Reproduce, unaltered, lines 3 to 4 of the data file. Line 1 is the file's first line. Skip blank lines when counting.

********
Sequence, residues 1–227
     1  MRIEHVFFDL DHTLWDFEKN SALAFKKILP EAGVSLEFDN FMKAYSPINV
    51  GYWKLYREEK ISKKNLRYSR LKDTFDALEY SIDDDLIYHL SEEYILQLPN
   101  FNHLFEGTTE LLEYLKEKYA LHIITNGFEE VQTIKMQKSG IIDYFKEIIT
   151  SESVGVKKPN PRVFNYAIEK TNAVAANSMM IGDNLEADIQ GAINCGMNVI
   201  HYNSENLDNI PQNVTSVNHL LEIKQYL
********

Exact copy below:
    51  GYWKLYREEK ISKKNLRYSR LKDTFDALEY SIDDDLIYHL SEEYILQLPN
   101  FNHLFEGTTE LLEYLKEKYA LHIITNGFEE VQTIKMQKSG IIDYFKEIIT